DNF 1.0 was released this week ahead of the Fedora 22 debut later this month where it will replace Yum by default as the package manager. In my testing of DNF on Fedora 22 and earlier releases, it's worked out quite well, but there's one issue that still nags me about Dandified Yum.
Today marks the final freeze for Fedora 22 with plans to officially release this Red Hat sponsored Linux distribution update later in May.
The day is coming where DNF is replacing Yum as the default package manager on Fedora Linux. DNF 1.0 was just released today to mark the point of stability and it being ready to take over Yum's responsibilities with the upcoming Fedora 22 release.
A Phoronix reader recently asked whether Fedora developers have yet enabled F2FS file-system support within their packaged kernel. While I didn't mention it before, yes, they ended up enabling support for the Flash-Friendly File-System.
For early adopters of Fedora 22 that have been missing out on the packages provided by the third-party RPM Fusion repository, they have started rolling out their support for this next Fedora Linux release.
While I found Fedora 21 to be the best release yet from Fedora (Core) and Fedora 22 is looking to be even better, there's still blemishes as with any Linux distribution.
Aside from the other features proposed thus far for Fedora 23, the update of the popular Red Hat sponsored Linux distribution due out in late 2015, you can add Mono 4.0 to the list.
Last week Fedora 22 beta was released for the primary architectures while out now are the spins for the alternative architectures: 64-bit ARM (AArch64) and POWER.
With Fedora 22 being well past its change deadline and the final release just being a few weeks out, developers are beginning to look at planning their features/changes for Fedora 23.
While Fedora 21 ships with decent OpenCL support, if you're running the binary NVIDIA graphics driver on Fedora Linux and wishing to use CUDA-accelerated programs, it's a little bit easier today thanks to a new third-party package repository.
The beta of Fedora 22 is now available for testing and evaluating of its many new features ahead of the official Fedora 22 debut in May.
The release of the Fedora 22 Beta was delayed last week due to outstanding blocker bugs. Fortunately, those issues have been cleared up and F22 Beta can now be pushed out next week.
New versions of DNF and DNF-PLUGINS-CORE have been released and there's pre-built packages for Fedora 22 and Fedora 23.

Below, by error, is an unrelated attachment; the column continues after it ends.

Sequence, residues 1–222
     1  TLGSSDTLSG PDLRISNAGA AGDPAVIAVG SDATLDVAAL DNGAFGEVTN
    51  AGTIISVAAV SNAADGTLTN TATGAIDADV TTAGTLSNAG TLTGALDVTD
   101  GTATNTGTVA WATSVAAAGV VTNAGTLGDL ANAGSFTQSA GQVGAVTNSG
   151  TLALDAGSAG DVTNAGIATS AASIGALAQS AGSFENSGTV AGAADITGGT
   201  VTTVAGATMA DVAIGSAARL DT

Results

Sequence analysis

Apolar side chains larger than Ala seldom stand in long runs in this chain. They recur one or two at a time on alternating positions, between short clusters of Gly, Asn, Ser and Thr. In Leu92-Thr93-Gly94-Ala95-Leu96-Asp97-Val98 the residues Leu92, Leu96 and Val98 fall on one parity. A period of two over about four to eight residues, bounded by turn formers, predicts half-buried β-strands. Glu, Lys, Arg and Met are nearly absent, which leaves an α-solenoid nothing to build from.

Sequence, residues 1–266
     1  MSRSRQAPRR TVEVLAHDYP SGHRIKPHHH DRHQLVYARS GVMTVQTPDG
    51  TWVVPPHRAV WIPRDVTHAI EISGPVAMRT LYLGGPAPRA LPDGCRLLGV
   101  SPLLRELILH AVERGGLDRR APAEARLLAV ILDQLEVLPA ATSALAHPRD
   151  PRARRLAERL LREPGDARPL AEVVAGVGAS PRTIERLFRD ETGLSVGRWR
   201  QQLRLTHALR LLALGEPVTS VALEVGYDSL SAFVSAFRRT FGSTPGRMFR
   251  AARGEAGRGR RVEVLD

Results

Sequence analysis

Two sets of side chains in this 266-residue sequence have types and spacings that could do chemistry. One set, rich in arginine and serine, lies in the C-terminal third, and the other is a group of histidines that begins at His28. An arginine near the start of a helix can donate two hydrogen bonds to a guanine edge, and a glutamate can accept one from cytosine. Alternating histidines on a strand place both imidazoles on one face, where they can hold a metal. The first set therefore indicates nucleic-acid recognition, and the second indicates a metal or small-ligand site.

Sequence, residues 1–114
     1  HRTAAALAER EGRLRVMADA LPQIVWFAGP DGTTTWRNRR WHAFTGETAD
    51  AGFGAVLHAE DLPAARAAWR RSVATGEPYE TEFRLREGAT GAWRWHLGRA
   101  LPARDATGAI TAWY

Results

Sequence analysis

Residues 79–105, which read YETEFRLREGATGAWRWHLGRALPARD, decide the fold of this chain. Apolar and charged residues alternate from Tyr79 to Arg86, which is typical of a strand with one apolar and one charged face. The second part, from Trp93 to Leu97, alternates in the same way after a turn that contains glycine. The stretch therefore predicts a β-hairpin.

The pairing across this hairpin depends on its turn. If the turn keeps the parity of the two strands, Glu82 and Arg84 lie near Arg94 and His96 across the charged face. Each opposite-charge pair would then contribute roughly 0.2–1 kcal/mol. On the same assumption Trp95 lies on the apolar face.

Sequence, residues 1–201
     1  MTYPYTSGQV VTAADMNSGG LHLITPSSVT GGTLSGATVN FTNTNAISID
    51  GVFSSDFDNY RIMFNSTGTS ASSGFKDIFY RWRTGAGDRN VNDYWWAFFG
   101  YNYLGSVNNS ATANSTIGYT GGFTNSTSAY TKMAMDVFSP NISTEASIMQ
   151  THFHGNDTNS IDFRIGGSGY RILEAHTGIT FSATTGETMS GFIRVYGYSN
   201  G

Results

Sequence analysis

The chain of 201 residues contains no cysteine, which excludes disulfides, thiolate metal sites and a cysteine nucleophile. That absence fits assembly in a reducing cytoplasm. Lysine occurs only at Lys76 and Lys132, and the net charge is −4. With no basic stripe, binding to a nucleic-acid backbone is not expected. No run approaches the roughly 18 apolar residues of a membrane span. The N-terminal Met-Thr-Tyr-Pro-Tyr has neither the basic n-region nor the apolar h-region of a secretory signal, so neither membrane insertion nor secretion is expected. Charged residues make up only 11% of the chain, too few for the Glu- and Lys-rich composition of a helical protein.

While Fedora developers did a good job getting out the Fedora 22 Alpha on time, the beta release of Fedora 22 will come at least one week late.
The server edition of Fedora 22 is using the XFS file-system by default rather than EXT4.
With the upcoming release of Fedora 22, DNF is succeeding Yum as the default package manager. However, some details about this change are still being discussed.
Paul Frields, the manager of the Fedora Engineering team at Red Hat, has written an interesting blog post about the future of Fedora. In particular, how Fedora is currently assembled and how that will likely change over the next few releases.
The alpha release of Fedora 22 was released a few weeks ago for the primary CPU architectures while finally coming out today is the F22 Alpha for 64-bit ARM and PowerPC architectures.
For those thinking about potentially running a Linux system with a combination of SSD and HDD so that the solid-state drive would be able to act as a performance cache for commonly used data, BCache and LVM-cache/dmcache are two of the commonly used solutions.
While there's the OPW (now known as Outreachy) and other initiatives to try to encourage women and other less represented groups to participate in open-source communities, the Fedora Project is attempting to take things a step further by pursuing a Diversity Advisor.
Just as planned the alpha release of Fedora 22 is now available.
Fedora 22 is shaping up well for boasting many new features while also making it out on time... While it looked like Fedora 22 Alpha might be delayed, the developers managed to get the blocker issues taken care of and today decided they're ready to release F22 Alpha on time next week Tuesday.
An exception is being sought to add Xfce 4.12 for Fedora 22 past the change submission deadline.
With Fedora 22 having entered its alpha freeze this week along with the software string freeze and change checkpoint deadline, here's a recap of some of the towering features of this six-month update to Fedora 21 and the second release under the Fedora.Next strategy.
Those installing the latest development snapshot of Fedora 22 will now experience a difference in the default X.Org input driver.
Matthias Clasen at Red Hat has landed some of the exciting Fedora 22 Workstation improvements this week that relate to the GNOME Shell environment.
While Fedora 22 isn't being released for several more months, so far it's running quite well.
Last weekend I wrote how I switched back to Fedora as the Linux distribution on my main production system. That experience continues going well on the new X1 Carbon ultrabook and have no regrets. One of the questions emailed in and tweeted were readers wondering how I'm getting along with GNOME 3.14 and what tweaks took place.
After having used Ubuntu Linux on my main production system for about the past six years or so, I'm back to using Fedora as my main OS. So far the Fedora 21 experience has been going excellent.
With the upcoming Fedora 22 release due out in May, DNF is positioned to replace Yum as the default package manager.
626 Fedora news articles published on Phoronix.